Deportation Laws in the United States
When a foreigner comes to the United States, they must have a certain status that allows them to do so. In order to keep this status, they are required to follow the country’s immigration laws. If a foreign individual breaks these laws, their status within the country may be jeopardized. Non-citizens who violate immigration laws can be removed from the country by deportation. Deportation is the process of removing a foreign individual from the United States in the event that they disobey immigration laws. This process is ordered by an immigration judge and enforced by the United States Immigration and Customs Enforcement.
What Can Affect my Immigration Status?
When a foreigner comes to the United States, they must do so legally and abide by the nation’s immigration laws. If they fail to do so, the could lose their status within the country as a result of their actions. There are several ways an individual can threaten their status in the country:
- Unlawful Entry: If an individual is in the country without the correct documentation or has fraudulent documentation.
- Visa Conditions: When an individual receives a visa, they must follow the requirements of the specific visa they were given. If that document expires, they may face removal proceedings. If their status in the country changes, they are required to update their visa to reflect it.
- Crimes of Moral Turpitude: Crimes committed that show an individual’s bad character. This may consist of fraud, larceny, theft, or any crime with the intention to harm another person.
- Aggravated Felonies: Crimes such as murder, rape, drug or firearms trafficking, sexual abuse of a minor, money laundering, fraud or tax evasion, espionage, sabotage, treason, and more.
Waivers of Inadmissibility
If you are faced with possible deportation from the United States, you may request a waiver of inadmissibility. A waiver of inadmissibility can be used to prevent the removal process. In order to be eligible for a waiver, you are required to have lived in the country for at least 7 years. You also must not have committed an aggravated felony or be a threat to the nation. If convicted of an aggravated felony, it can be difficult to avoid deportation. To prevent being removed from the United States, you may have to prove you would be tortured if you returned to your origin country.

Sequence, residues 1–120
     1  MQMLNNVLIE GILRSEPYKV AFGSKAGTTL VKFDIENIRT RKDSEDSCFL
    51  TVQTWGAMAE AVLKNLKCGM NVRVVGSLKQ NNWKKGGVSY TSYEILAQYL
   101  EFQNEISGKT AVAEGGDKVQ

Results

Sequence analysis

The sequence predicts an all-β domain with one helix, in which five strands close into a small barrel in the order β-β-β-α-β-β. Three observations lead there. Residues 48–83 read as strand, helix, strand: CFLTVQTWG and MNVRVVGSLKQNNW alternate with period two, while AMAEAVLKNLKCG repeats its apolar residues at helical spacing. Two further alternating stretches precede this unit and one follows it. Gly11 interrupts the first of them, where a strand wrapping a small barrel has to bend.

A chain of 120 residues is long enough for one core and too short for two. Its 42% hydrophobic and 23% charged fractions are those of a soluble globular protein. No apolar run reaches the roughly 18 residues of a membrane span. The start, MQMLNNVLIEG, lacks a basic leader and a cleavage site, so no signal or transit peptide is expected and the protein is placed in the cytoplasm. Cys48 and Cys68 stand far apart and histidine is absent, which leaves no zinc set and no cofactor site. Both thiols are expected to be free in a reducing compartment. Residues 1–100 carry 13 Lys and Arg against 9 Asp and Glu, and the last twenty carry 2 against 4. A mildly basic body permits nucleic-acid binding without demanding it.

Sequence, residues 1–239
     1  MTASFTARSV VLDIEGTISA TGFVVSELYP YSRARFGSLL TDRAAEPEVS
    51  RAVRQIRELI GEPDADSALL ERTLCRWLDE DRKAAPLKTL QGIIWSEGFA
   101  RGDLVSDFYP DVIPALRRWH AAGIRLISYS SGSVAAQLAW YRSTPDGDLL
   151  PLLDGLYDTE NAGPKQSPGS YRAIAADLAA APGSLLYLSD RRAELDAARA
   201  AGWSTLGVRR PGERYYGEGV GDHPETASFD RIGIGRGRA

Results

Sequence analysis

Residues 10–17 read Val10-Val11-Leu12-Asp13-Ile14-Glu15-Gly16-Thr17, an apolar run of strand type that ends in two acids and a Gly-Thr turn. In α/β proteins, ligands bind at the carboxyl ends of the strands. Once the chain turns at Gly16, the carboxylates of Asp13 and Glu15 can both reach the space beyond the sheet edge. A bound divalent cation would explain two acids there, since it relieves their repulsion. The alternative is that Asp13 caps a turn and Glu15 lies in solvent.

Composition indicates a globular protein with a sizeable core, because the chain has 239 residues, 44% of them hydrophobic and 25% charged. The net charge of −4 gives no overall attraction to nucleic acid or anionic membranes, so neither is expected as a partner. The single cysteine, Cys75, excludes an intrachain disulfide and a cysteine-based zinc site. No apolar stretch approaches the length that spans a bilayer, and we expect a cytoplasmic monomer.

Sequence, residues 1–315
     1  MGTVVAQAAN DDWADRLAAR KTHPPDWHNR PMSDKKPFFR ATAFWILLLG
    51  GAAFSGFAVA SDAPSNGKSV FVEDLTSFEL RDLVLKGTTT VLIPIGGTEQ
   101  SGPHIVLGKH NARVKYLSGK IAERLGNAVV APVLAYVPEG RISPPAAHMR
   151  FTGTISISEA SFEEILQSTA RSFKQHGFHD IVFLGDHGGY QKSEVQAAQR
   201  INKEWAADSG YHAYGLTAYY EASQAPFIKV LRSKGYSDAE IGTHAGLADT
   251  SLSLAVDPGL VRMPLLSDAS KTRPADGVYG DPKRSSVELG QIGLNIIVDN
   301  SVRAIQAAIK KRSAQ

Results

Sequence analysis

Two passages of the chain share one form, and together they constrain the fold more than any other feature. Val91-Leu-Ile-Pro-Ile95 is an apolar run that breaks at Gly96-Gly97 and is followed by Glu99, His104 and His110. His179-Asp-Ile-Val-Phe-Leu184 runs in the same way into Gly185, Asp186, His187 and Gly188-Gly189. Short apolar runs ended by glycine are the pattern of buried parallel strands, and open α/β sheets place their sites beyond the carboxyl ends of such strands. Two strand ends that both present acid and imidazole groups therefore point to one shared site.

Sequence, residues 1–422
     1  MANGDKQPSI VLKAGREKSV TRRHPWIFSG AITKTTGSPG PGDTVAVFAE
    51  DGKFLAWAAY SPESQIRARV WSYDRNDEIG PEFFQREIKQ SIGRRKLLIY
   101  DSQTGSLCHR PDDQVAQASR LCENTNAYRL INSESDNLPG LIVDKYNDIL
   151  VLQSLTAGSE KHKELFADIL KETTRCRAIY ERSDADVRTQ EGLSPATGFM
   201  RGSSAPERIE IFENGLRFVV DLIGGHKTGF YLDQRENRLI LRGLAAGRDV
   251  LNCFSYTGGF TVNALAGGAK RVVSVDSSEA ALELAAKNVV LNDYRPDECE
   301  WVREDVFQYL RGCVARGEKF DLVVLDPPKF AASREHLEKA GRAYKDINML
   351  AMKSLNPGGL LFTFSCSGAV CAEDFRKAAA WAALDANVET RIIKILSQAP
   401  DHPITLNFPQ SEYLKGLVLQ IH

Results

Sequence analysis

Extreme Hardship Waivers
Another method of protection against deportation is an extreme hardship waiver. This is also called a 601 waiver. An extreme hardship waiver states that if you returned to your native country, you would face extreme hardship. Examples of extreme hardships may include the following:
- A parent/spouse depends on you for medical care
- A parent/spouse depends on you for financial reasons
- A parent/spouse needs your help to pay their financial debts in the country
- A parent/spouse needs your help to care for a sick family member
Contact our Firm
If you may be facing removal proceedings and deportation, contact the Law Offices of Salvatore A. Falletta, LLC. today.
Our firm understands how much is on the line when clients face matters related to immigration. If you are in need of experienced legal counsel for matters regarding immigration, please contact the Law Offices of Salvatore A. Falletta, LLC and we would be happy to provide you with assistance. Our firm is located in Lyndhurst, New Jersey. Contact us today to schedule a consultation.